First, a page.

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J Neurobiol. 1986 Jan;17(1):1-14.

Effects of octopamine, dopamine, and serotonin on production of flight motor output by thoracic ganglia of Manduca sexta.


Effects of biogenic amines on a centrally generated motor pattern in Manduca sexta were examined by pressure injecting nanomole to micromole amounts of octopamine, dopamine or serotonin into thoracic ganglia. Motor output was recorded extracellularly from a pair of antagonistic flight muscles and their motor neurons. The monoamines were found to alter production of a motor pattern that produces rhythmic wing flapping (10 Hz) and exhibits phase relationships similar to those in the flight pattern of intact moths. In mesothoracic ganglia with sensory nerves intact, octopamine (4 X 10(-9) mol) injected into lateral regions evoked regular firing of a single motor neuron, whereas a higher dose (4 X 10(-8) mol) often elicited the flight motor pattern. In the absence of sensory input, these doses of octopamine had little effect. Low doses (10(-10) mol) greatly enhanced motor responses to electrical stimulation of a wing sensory nerve. Dopamine (2 X 10(-10) mol) injected into the medial region of the mesothoracic ganglion elicited the flight motor pattern in the presence or absence of sensory input. Rhythmic output induced by dopamine (5 X 10(-10) mol) was suppressed by injecting serotonin (5 X 10(-10) mol) into the same region. These findings demonstrate that dopamine, octopamine, and serotonin have different effects on motor output in Manduca and suggest that these amines are involved in initiating, maintaining and terminating flight behavior, respectively. Octopamine may elicit flight production by enhancing the efficacy of sensory transmission thereby increasing excitability or arousal. Dopamine may act on interneurons involved in generating the flight motor pattern.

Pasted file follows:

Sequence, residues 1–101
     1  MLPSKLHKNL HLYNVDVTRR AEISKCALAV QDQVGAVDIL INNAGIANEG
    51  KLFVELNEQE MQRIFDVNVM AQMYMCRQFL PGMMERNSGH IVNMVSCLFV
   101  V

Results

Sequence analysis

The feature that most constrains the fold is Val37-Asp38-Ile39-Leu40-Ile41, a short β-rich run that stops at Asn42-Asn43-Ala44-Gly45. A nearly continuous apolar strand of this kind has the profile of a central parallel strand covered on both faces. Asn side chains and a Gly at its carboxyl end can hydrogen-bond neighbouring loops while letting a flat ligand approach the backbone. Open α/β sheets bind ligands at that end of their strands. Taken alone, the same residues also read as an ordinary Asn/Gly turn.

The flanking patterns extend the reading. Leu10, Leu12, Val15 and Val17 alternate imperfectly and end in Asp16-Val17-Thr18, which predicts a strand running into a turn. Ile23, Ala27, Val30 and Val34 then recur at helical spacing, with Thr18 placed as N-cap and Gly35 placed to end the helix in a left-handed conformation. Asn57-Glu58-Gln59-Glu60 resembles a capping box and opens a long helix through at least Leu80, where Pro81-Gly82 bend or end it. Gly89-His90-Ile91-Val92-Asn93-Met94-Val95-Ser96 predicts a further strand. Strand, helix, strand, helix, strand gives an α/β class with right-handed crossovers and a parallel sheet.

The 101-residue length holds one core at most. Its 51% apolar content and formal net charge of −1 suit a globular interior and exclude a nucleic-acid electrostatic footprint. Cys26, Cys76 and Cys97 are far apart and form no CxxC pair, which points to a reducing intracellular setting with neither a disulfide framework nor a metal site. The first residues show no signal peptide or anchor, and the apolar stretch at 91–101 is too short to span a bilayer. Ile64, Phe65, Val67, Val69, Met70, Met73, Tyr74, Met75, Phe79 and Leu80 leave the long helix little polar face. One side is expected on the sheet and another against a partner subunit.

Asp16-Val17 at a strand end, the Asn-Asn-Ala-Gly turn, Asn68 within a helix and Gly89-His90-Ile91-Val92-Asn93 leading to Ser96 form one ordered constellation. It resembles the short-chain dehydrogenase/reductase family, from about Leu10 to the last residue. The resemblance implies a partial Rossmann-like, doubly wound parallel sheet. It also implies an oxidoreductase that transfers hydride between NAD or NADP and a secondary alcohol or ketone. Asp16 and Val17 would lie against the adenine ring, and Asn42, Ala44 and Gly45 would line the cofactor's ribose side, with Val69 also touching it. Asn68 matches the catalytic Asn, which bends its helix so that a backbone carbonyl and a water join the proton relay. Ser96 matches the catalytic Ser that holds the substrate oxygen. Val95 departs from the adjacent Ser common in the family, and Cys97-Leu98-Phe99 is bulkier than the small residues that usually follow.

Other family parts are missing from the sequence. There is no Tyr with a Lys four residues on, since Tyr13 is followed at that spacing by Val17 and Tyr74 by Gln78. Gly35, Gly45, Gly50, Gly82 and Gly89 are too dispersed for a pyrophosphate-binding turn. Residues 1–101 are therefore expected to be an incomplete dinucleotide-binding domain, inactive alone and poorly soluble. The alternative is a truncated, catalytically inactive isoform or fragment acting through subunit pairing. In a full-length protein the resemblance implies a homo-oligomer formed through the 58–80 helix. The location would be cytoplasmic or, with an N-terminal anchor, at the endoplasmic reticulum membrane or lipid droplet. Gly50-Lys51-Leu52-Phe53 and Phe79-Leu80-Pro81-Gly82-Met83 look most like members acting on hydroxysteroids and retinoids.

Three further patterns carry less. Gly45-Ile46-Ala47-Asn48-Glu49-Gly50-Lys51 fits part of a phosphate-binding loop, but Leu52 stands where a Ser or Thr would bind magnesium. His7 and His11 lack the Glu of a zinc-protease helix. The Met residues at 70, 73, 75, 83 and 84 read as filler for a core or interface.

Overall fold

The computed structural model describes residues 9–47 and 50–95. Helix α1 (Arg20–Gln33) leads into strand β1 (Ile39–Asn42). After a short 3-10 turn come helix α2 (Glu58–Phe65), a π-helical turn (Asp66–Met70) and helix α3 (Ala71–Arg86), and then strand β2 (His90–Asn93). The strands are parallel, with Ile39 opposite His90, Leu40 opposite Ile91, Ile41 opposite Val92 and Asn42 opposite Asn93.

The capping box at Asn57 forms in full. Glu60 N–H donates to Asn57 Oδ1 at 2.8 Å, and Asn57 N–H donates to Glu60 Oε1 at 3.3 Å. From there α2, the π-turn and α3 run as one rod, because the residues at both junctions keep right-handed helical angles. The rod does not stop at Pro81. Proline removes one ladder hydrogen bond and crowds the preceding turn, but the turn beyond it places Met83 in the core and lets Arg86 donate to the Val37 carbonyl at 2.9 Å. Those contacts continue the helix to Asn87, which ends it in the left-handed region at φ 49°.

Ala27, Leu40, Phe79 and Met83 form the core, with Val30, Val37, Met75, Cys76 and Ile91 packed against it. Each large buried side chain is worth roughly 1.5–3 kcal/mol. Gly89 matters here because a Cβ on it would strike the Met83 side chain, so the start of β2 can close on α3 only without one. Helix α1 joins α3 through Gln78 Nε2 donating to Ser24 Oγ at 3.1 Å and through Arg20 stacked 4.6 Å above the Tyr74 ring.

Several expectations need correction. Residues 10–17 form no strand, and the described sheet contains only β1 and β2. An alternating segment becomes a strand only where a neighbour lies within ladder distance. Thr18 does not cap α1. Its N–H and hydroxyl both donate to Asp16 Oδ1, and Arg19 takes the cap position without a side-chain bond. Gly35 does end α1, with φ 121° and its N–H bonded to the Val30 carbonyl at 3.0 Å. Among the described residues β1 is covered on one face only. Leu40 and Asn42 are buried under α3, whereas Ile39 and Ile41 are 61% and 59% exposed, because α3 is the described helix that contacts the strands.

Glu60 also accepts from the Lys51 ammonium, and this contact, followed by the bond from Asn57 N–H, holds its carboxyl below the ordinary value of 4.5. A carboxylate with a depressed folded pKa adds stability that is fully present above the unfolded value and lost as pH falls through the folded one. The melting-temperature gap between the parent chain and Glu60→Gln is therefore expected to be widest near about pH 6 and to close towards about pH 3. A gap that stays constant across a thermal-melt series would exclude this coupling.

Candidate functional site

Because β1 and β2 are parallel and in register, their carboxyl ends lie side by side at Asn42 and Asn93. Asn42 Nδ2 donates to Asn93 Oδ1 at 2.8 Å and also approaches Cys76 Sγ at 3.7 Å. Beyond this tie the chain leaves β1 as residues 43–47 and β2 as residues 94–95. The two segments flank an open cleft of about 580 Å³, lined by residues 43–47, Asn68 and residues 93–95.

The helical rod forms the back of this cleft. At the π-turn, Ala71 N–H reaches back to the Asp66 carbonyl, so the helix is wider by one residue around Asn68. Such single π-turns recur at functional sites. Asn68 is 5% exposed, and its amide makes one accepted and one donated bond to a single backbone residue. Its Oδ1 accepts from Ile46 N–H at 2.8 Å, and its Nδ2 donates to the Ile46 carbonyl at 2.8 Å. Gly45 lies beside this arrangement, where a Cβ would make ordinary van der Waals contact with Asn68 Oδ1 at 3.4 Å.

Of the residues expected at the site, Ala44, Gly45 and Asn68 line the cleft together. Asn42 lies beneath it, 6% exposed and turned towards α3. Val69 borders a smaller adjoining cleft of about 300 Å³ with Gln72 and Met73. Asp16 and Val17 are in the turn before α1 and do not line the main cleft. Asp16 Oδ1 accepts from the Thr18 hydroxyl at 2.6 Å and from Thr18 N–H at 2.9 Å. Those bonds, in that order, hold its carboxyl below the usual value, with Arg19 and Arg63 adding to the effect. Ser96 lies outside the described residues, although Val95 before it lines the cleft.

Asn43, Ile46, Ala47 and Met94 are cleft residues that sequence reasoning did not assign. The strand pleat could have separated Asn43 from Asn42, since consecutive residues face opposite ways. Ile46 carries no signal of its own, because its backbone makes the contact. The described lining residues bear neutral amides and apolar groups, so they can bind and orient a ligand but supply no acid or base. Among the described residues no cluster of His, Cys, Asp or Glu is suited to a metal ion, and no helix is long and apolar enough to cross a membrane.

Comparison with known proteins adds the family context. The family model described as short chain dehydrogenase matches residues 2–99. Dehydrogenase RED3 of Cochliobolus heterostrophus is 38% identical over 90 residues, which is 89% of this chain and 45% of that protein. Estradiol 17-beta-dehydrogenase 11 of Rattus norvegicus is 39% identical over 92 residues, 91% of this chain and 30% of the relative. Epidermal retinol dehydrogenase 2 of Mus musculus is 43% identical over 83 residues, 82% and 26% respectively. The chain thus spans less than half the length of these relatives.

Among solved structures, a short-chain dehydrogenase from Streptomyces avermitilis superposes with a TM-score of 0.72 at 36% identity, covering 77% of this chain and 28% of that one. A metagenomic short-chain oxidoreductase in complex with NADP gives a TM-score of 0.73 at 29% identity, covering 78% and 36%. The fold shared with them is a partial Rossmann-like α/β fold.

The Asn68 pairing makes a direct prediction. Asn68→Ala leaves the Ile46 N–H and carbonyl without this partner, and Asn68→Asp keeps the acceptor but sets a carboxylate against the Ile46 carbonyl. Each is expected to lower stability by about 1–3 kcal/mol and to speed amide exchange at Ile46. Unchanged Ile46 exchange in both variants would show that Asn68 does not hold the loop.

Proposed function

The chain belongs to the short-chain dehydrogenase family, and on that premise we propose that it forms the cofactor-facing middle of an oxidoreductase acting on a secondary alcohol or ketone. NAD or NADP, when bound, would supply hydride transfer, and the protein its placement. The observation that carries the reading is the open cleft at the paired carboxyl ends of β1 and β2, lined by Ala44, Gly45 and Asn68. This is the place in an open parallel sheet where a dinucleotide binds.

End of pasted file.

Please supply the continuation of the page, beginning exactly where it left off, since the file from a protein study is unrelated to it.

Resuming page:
[Indexed for MEDLINE]

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